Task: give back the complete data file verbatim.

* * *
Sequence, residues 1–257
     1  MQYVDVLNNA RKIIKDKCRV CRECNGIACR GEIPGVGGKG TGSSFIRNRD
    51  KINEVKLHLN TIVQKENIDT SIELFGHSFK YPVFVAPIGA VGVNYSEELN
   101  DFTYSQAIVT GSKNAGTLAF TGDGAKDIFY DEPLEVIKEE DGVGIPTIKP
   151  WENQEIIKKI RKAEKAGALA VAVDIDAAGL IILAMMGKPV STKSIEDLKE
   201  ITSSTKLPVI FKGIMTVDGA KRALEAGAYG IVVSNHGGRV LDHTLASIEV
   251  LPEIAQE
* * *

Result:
Sequence, residues 1–257
     1  MQYVDVLNNA RKIIKDKCRV CRECNGIACR GEIPGVGGKG TGSSFIRNRD
    51  KINEVKLHLN TIVQKENIDT SIELFGHSFK YPVFVAPIGA VGVNYSEELN
   101  DFTYSQAIVT GSKNAGTLAF TGDGAKDIFY DEPLEVIKEE DGVGIPTIKP
   151  WENQEIIKKI RKAEKAGALA VAVDIDAAGL IILAMMGKPV STKSIEDLKE
   201  ITSSTKLPVI FKGIMTVDGA KRALEAGAYG IVVSNHGGRV LDHTLASIEV
   251  LPEIAQE